As goddess of handicrafts, Athena created many useful items, such as the potter's wheel, vase, horse bridle, chariot, and ship. She was the icon of architects and sculptors and the inventor of numbers and mathematics, which of course influenced many aspects of civilization. Athena took a special interest in agricultural work, giving farmers the rake, plow, and yoke and teaching them how to use oxen to cultivate their fields. In addition, she helped women by inventing spinning and weaving. Athena even tried her hand at musical instruments. She created the flute to imitate the wailing of the Gorgons when Medusa was killed. However, when the goddess saw her reflection playing this new instrument with her cheeks puffed out, she was disgusted with her appearance. She threw the flute away and put a curse on the first person to pick it up. Marsyus the satyr did so and suffered the consequences when he dared challenge Apollo to a musical contest. Some sources say that Athena threw away the flute because the other gods laughed at her for looking so ridiculous. Nonetheless, in her wisdom, Athena was generally a kindly goddess. She promoted good government, looking after the welfare of kings who asked for her guidance and advising government officials. Athena was a goddess of justice tempered by mercy. Her work led Athens to adopt trial by jury. Like the other gods, however, Athena did not tolerate lack of respect. She turned Arachne into a spider after Arachne bragged that she could spin more skillfully than Athena. She also blinded Tiresias when he happened upon a stream where she was bathing and saw her nude. Because his fault was accidental, she softened his punishment by giving him the gift of prophecy.
Festivals, Art, and Literature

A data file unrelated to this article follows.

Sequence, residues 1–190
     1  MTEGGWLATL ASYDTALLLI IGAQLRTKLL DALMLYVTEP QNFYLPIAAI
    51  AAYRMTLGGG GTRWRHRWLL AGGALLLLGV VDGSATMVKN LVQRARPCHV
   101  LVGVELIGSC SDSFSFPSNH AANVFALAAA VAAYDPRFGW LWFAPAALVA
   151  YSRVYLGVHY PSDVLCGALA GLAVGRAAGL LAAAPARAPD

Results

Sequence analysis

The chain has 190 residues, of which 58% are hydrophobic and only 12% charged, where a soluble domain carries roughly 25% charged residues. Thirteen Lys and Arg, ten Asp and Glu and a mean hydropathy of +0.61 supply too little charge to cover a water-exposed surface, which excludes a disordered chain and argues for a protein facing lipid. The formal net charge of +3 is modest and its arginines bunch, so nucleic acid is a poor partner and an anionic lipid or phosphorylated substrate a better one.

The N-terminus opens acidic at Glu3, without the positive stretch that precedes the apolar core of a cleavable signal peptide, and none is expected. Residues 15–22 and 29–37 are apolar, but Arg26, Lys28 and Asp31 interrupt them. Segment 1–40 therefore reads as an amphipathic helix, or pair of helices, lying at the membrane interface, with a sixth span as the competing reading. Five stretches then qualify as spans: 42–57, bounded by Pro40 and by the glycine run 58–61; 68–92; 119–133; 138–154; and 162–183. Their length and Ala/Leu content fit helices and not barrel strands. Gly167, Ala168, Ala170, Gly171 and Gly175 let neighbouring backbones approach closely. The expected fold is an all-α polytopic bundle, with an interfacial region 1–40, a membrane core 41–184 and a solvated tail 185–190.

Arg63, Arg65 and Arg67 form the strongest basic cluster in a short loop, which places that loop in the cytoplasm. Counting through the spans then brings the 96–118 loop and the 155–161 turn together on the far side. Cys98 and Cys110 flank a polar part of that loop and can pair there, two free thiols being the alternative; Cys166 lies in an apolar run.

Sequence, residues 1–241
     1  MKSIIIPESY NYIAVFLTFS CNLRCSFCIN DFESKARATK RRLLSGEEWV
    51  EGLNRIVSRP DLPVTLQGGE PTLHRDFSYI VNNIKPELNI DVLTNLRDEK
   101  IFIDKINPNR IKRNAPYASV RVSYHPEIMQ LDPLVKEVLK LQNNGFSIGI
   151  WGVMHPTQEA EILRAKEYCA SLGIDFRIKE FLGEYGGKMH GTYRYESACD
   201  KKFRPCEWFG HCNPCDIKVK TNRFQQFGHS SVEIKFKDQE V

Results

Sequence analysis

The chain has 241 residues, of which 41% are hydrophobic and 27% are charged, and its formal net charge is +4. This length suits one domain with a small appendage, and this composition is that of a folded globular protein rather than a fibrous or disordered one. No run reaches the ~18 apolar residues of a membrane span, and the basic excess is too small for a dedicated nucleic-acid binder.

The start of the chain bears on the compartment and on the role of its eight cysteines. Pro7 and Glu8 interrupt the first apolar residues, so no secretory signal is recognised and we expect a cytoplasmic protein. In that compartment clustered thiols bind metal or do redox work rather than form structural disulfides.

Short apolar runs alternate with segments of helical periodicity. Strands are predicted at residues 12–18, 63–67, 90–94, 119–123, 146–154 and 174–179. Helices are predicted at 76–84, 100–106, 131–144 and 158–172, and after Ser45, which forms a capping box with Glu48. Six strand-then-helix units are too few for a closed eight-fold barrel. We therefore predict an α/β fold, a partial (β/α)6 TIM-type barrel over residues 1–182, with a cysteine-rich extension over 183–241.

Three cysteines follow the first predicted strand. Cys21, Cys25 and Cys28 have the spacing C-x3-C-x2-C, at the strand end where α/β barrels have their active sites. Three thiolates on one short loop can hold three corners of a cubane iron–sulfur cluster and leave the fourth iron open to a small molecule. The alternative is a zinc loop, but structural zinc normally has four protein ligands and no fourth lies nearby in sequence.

Several festivals, some tied to the growing season, were held in honor of Athena. Processions of priests, priestesses, and other members of society—particularly young girls—often formed part of the celebration. The goddess's most important festival was the Panathenaea. Started as a harvest festival, this annual event gradually changed into a celebration of Athena. A great parade of people from the city and surrounding areas brought the goddess gifts and sacrifices. Athletic competitions, poetry readings, and musical contests rounded out the festival. The Panathenaea came to rival the Olympic Games. In works of art, Athena is usually portrayed as a warrior. She wears a helmet and breastplate and carries a spear and a shield adorned with the head of Medusa. An owl generally sits on her shoulder or hand or hovers nearby. The Romans frequently depicted the goddess wearing a coat of armor. Gorgon one of three ugly monsters who had snakes for hair, staring eyes, and huge wings, satyr woodland deity that was part man and part goat or horse prophecy foretelling of what is to come; also something that is predicted Athena inspired numerous paintings and statues. The great Athenian sculptor Phidias produced several works, including a 30-foot bronze piece and an ivory and gold statue that was housed in the Parthenon. The statue of Athena kept in the Roman temple of the goddess Vesta was said to be the Palladium of Troy, taken by the Trojan prince Aeneas when he fled the burning city. Athena and her stories appear in many literary works as well. In Greek literature, she is a prominent character in the Iliad and the Odyssey, and her influence is felt throughout the plays of Aeschylus, Sophocles, and Euripides. In the works of Roman writers Virgil and Ovid, the goddess also plays a leading role.